Threaten to Undo Us by Rose Seiler Scott
Publisher: Promontory Press (May 2015)
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Born to an ethnic German family in Poland, Liesel Bauer is raised to appreciate the complex cultural differences of her tight-knit rural farming community. Friendships between families are generational, forged in the spirit of cooperation and extending back for centuries. But when politics turn to war Liesel learns that the bonds of shared lives are easily severed.

Liesel’s story spans nearly three decades – from the time of the Bolshevik reprisals of 1919 through the aftermath of World War II. Her early years take place during a period of political calm, thus enabling the reader to follow Liesel’s growth from a clever and loving child to shy teen and, ultimately, to a woman who draws strength from both her faith and from her role as wife and mother. It’s with this strength that she will arm herself for the times ahead.

As Hitler gathers his supporters and builds a case for war, Liesel’s town is cleaved in two. Neighbors lose trust in one another and friendships are dissolved.

For the thousands of German families that have the foresight to leave Poland, an exodus is set in motion. Knowing no other life, Liesel and her family stay and she shows us that the bravest actions in war are rooted in the routines salvaged from everyday life.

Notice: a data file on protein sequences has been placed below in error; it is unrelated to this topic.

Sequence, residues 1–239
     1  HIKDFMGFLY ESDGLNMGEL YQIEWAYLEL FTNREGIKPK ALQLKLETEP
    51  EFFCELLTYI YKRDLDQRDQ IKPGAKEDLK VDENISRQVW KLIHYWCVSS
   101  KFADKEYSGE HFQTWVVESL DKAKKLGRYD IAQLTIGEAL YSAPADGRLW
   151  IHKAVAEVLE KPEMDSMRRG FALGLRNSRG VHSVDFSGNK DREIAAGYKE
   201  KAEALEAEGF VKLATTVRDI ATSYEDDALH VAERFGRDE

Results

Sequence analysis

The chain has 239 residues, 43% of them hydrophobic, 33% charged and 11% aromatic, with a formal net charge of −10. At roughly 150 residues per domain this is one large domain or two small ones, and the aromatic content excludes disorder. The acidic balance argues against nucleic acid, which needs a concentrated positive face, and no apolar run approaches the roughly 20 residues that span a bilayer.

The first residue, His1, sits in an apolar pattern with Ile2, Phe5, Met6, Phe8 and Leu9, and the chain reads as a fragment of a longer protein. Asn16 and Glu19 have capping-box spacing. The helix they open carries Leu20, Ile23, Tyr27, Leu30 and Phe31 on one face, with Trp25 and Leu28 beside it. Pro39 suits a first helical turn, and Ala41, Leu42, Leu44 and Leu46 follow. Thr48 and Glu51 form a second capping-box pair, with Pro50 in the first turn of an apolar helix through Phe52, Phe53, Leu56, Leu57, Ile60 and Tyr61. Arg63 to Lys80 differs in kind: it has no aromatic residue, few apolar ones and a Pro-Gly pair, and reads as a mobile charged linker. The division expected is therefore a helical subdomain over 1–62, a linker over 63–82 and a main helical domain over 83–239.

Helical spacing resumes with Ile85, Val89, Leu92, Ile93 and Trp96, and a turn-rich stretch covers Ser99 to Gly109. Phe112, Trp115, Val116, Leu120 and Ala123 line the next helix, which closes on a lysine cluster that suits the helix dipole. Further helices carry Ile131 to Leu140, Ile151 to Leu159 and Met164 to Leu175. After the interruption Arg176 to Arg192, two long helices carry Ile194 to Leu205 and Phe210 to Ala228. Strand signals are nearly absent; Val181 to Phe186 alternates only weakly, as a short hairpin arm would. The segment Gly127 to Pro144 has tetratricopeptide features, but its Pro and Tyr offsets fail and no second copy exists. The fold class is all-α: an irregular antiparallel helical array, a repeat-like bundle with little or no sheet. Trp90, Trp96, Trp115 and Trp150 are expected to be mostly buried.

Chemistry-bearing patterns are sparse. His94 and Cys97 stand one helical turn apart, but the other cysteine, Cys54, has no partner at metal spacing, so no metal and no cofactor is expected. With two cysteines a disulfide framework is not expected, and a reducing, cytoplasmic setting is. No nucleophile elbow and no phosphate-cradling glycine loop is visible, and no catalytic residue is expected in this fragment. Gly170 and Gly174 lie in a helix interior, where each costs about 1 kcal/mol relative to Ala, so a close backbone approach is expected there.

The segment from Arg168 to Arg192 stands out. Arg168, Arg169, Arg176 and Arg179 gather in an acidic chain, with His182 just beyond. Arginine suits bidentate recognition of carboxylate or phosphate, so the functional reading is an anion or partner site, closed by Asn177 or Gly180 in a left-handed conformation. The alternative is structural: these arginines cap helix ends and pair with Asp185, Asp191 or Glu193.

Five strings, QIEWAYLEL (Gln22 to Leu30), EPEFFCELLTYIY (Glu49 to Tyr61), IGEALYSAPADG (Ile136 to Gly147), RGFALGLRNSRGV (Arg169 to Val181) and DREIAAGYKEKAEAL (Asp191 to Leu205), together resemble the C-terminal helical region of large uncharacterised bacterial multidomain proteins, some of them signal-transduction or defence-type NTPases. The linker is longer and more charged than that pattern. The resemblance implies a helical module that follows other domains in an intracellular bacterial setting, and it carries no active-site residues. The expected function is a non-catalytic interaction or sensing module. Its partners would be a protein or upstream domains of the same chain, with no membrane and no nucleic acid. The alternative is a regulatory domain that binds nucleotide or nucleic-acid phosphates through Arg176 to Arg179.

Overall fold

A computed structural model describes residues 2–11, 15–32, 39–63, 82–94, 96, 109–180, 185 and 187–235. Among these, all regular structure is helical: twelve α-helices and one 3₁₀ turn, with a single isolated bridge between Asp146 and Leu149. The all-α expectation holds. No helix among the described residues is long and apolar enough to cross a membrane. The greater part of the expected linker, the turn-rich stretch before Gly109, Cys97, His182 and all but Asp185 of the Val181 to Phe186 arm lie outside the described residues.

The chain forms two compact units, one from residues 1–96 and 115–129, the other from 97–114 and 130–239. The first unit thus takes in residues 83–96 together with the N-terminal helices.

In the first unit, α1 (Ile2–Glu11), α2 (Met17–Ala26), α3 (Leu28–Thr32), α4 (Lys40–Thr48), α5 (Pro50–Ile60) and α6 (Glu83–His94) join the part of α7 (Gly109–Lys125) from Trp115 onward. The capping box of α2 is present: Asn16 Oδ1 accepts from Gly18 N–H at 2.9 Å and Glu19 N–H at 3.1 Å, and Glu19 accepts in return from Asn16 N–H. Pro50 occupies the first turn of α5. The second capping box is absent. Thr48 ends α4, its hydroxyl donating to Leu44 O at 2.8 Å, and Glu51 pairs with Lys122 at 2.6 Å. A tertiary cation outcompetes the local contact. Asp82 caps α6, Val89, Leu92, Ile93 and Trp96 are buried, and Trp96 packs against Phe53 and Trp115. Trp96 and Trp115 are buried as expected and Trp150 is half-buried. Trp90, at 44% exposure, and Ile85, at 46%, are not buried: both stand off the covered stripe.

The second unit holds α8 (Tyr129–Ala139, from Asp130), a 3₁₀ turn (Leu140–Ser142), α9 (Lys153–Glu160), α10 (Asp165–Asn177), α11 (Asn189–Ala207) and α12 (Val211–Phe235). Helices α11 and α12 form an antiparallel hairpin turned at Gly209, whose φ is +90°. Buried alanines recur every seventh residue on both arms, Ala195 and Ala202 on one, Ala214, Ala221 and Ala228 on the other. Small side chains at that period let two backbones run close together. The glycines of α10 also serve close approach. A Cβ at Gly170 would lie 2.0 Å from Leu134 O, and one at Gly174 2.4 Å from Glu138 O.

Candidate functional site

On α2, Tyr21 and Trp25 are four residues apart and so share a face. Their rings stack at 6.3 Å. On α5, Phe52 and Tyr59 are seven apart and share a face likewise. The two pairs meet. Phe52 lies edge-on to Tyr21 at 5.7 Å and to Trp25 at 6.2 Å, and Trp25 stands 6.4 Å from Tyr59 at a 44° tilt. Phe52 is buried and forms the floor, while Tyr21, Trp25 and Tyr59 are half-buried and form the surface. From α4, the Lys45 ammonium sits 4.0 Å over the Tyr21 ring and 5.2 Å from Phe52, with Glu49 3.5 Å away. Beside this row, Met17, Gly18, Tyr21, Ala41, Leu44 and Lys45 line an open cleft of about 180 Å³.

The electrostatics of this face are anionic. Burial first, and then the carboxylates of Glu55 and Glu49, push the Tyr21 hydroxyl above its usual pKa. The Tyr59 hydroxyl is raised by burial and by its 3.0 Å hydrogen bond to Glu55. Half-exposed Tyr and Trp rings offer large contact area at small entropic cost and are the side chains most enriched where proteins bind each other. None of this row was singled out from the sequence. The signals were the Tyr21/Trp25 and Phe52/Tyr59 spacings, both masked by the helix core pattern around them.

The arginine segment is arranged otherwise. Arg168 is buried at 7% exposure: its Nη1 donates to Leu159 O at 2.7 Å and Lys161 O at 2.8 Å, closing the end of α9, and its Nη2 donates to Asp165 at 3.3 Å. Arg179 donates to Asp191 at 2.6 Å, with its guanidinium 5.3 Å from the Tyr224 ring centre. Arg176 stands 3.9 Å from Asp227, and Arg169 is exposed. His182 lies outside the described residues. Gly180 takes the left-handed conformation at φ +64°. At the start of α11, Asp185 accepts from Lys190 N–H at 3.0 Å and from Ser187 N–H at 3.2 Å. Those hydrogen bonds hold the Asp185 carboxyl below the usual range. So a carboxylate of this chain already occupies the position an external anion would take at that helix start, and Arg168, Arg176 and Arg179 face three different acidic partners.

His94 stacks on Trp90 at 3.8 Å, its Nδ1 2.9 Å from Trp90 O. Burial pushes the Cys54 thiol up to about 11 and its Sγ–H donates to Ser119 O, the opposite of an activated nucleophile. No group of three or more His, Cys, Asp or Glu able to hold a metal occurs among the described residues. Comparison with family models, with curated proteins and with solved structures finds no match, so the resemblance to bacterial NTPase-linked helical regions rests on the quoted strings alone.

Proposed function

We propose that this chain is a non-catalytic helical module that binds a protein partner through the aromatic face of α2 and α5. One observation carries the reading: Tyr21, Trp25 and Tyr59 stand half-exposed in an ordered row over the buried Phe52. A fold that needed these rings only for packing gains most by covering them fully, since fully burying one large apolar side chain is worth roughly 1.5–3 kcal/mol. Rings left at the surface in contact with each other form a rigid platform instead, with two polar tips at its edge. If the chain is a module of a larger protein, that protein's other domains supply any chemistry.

“Threaten to Undo Us” is a novel rich with meticulous historical detail mined from both primary and secondary sources. From the descriptions of daily farm life and cultural customs to the price that shifting political loyalties exacted on the war’s victims, the reader is immersed in a story that rings true on multiple levels.

Author Rose Seiler Scott has delivered a thoughtful and vivid picture of the plight of ethnic Germans living in Poland during and after World War II. Caught between their birthrights on Polish soil and the call of the German fatherland they were stripped of their human rights and became refugees within their home country.

Through the struggles of one woman and her family the author has crafted an homage to the millions of ethnic Germans, once living in Poland, who lost their property, their freedom and, in many instances, their lives. With a literary sleight of hand this quiet narrative deftly guides readers outside of their comfort zones, demanding that attention be paid to the follies of the past.

[Reviewer’s Note: Historical Sources and Quote References are included.]